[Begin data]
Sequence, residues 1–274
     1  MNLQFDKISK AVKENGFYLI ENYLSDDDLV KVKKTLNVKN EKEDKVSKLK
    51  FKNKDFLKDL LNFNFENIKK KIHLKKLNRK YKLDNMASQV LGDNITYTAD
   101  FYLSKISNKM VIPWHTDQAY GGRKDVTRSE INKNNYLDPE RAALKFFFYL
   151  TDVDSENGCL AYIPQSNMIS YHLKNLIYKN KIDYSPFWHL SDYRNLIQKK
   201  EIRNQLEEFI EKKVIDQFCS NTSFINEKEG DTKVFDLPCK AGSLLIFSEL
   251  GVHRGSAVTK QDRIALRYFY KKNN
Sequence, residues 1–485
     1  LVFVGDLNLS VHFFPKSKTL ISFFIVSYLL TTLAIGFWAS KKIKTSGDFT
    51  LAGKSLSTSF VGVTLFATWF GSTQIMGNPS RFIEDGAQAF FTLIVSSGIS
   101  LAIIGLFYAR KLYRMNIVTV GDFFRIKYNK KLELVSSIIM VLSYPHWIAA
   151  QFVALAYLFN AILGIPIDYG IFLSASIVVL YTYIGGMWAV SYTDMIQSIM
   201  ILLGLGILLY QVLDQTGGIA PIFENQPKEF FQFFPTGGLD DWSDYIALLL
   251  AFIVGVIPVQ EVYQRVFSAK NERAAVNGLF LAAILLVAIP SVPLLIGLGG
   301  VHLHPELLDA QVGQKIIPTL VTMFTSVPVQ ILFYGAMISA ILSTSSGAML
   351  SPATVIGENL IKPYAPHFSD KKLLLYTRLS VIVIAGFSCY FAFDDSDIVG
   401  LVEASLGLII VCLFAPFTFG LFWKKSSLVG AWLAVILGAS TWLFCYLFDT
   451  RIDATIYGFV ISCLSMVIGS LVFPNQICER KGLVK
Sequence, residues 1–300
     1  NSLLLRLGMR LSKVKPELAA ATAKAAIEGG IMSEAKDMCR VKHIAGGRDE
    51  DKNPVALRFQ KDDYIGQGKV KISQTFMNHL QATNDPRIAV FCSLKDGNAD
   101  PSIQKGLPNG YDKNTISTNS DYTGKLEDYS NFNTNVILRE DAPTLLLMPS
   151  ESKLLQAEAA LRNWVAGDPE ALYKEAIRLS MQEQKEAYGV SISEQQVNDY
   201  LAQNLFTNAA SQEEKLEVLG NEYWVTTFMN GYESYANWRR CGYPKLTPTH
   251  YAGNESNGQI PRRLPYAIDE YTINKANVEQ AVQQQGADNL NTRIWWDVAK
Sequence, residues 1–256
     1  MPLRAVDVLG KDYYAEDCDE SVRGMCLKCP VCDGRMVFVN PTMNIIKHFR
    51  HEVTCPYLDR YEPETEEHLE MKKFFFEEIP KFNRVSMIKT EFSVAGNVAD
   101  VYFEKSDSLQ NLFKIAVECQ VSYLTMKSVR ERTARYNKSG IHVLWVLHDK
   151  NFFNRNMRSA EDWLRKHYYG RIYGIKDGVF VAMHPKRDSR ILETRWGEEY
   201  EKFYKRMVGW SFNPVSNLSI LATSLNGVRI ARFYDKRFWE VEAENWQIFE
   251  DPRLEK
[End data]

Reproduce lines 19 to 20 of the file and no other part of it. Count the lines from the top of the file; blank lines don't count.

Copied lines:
Sequence, residues 1–300
     1  NSLLLRLGMR LSKVKPELAA ATAKAAIEGG IMSEAKDMCR VKHIAGGRDE